resilient gasket 47 is interposed between the flange 46 and face 12 and between flange 46 and header plate 18. The gasket is suitably slotted and cut to define apertures registering with the slots 29 and with opening 33.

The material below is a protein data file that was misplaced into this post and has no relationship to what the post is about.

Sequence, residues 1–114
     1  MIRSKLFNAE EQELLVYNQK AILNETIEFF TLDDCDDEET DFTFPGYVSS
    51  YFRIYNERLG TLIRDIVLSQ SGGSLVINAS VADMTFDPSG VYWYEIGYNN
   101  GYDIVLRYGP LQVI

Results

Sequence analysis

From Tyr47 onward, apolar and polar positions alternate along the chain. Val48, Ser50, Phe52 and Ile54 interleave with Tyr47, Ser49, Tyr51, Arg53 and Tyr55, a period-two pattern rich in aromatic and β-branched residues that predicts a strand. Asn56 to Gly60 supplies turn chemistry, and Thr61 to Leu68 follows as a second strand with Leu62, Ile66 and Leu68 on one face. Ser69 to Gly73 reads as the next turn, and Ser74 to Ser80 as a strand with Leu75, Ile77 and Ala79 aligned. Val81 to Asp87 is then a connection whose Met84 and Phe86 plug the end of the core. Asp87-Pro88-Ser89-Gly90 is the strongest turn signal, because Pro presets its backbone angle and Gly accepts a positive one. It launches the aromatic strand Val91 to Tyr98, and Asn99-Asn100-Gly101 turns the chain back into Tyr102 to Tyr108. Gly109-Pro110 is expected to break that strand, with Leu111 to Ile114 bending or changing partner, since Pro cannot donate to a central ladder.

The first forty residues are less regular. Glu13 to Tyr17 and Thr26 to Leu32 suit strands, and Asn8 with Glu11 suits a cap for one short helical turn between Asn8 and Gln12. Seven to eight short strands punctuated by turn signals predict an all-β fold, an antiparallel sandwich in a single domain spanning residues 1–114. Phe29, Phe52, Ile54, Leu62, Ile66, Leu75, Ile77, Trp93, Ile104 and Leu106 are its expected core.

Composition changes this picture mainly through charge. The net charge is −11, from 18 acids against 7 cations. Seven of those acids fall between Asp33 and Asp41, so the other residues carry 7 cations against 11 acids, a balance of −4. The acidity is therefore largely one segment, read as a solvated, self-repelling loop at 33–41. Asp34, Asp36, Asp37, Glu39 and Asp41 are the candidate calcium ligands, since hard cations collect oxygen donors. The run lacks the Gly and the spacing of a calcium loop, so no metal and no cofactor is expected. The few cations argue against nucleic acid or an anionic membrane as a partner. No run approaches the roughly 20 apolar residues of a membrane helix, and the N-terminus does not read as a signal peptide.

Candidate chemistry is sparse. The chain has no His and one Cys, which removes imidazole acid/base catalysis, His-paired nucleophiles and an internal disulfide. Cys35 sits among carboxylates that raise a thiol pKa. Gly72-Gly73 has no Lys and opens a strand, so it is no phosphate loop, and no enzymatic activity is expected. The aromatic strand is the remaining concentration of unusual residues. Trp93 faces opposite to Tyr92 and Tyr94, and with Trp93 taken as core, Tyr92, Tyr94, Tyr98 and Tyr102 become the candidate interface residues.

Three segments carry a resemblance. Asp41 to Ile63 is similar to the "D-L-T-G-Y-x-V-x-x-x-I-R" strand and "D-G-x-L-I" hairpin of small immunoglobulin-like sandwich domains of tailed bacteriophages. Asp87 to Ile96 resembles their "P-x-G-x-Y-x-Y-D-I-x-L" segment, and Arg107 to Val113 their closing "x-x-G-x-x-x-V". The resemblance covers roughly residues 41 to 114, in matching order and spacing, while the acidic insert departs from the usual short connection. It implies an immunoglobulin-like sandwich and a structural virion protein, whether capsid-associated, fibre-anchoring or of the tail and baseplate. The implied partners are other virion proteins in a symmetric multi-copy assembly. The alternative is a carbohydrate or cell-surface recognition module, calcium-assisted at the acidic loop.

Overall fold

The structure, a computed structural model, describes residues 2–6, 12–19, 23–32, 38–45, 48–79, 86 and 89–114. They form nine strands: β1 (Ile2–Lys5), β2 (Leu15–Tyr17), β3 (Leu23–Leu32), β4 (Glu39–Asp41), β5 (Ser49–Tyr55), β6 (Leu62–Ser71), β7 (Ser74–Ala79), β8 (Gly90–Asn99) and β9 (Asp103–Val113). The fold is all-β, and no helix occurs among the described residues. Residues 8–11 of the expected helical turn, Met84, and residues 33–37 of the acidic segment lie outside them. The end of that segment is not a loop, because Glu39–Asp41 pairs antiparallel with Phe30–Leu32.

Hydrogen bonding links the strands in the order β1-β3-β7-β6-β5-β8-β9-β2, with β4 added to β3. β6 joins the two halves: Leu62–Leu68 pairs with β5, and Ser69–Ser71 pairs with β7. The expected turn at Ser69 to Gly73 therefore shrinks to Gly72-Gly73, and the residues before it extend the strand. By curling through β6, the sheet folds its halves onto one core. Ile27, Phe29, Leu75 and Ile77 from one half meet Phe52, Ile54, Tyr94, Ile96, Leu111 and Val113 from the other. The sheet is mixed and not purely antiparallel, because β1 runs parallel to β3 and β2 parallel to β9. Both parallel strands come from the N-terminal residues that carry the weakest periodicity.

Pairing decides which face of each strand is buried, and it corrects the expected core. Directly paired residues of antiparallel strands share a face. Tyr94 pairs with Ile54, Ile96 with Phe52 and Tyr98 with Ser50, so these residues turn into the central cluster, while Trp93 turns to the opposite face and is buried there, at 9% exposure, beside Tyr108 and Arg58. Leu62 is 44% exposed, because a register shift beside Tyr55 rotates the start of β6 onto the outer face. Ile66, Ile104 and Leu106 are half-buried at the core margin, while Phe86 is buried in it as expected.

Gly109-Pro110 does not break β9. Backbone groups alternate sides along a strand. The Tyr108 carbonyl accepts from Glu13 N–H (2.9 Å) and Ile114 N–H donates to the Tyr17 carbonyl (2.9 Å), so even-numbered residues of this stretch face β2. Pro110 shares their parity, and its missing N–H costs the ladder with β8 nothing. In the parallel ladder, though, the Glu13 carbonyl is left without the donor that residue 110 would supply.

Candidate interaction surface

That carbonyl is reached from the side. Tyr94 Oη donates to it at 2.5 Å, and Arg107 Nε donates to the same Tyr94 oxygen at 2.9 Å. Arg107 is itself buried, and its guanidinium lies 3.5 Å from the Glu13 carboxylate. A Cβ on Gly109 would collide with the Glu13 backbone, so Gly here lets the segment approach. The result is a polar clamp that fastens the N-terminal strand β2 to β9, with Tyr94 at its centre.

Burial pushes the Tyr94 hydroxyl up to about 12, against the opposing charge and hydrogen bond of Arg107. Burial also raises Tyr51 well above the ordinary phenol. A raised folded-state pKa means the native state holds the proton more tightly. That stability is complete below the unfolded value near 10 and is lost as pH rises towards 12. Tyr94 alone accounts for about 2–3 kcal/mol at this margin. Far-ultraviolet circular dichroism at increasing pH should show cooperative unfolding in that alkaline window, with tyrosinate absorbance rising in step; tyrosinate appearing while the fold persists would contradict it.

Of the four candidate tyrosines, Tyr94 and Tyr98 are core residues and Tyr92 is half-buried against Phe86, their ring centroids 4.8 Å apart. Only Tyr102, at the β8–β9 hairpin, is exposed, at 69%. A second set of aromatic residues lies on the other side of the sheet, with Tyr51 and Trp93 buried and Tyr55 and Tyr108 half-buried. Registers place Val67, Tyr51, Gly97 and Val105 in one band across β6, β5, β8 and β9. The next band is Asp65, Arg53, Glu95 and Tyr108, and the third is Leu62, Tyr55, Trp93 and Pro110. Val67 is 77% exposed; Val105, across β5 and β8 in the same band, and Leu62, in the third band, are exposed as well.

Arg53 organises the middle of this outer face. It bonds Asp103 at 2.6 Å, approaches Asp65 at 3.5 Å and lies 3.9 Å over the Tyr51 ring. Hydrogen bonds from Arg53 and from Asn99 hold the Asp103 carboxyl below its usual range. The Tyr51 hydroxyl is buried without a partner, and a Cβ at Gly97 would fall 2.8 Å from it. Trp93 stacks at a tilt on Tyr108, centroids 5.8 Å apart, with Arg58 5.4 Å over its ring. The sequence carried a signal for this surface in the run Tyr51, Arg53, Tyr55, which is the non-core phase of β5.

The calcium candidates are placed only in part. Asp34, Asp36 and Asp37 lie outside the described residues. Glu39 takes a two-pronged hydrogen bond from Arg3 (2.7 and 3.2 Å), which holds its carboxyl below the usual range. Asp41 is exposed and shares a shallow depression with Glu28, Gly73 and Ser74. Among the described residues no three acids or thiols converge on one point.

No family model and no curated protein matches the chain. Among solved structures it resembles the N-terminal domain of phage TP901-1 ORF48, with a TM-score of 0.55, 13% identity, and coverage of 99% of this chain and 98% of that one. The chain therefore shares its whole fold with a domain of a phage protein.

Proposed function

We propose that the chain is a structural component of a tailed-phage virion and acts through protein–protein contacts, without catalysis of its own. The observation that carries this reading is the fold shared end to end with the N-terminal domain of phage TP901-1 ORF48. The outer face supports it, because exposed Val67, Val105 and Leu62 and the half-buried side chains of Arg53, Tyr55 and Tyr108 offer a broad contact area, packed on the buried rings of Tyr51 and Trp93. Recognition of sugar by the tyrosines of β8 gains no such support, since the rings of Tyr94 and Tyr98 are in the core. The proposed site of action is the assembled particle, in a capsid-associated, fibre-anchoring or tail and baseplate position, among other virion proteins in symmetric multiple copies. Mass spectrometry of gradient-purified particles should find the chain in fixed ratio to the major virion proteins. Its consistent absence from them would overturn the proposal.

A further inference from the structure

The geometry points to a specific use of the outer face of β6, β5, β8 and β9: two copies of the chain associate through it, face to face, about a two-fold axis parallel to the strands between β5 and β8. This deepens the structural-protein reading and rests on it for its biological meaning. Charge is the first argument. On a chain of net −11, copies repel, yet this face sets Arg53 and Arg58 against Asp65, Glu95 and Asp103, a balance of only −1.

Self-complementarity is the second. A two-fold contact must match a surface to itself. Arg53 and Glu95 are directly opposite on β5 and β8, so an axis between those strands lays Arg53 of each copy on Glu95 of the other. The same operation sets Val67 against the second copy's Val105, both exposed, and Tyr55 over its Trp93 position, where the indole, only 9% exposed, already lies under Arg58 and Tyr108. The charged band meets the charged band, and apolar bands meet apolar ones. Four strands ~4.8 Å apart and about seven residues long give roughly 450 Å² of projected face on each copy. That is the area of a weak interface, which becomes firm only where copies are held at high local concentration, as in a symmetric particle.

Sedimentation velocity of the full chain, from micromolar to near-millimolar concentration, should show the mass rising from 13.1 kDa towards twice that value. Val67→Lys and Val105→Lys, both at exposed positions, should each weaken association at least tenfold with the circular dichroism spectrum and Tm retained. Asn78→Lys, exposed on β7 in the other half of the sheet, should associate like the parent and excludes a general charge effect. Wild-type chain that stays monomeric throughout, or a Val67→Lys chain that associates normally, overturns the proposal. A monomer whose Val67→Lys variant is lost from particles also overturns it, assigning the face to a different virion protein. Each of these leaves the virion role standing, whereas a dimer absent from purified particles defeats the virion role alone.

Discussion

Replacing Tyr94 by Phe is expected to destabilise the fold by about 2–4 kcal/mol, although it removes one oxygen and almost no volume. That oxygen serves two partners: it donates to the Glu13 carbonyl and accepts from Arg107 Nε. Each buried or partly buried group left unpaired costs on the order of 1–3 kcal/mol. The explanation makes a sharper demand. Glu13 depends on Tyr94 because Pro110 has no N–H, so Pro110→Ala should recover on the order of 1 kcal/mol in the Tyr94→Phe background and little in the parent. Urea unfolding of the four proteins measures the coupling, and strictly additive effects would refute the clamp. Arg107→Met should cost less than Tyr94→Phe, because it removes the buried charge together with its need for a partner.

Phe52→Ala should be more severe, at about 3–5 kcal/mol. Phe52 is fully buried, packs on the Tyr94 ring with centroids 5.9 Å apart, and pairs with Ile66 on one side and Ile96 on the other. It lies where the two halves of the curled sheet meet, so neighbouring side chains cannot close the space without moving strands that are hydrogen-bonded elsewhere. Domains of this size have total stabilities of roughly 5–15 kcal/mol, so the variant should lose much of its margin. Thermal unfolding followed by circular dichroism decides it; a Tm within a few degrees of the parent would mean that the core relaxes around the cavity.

The manifold member 39 has a radial flange portion 48 adapted to engage in and abut against the seat 14 at the bottom of counterbore 13. Inwardly of the flange 48, member 39 is formed with a laterally spaced apart series of projecting ribs 49 which are located in alternating relation to through openings 51 in the manifold member. The latter substantially correspond in number and configuration to the header plate openings 32 and the manifold member is so angularly oriented as to cause openings 32 and 51 to register with one another. To aid in such angular orientation, a dowel pin 52 may be used to obtain a fixed angular relationship between the header plate 19 and manifold member 39. The ribs 49 are internally slotted in a longitudinal sense to define internal flow passages 53. These open through an inner front face of the manifold 51, and, at their lower ends terminate in a manifold or water collection chamber 54. Properly oriented relatively to the header plate 19, the slots or passages 53 of the manifold member 39 align with and form continuations of the water carrying passages 28 which make up the open in teriors of tubes 21-26. A gasket 54 is placed between the header plate 19 and manifold member 39 and is slotted and cut to have apertures therein corresponding to the slots 31, openings 32 and opening 34.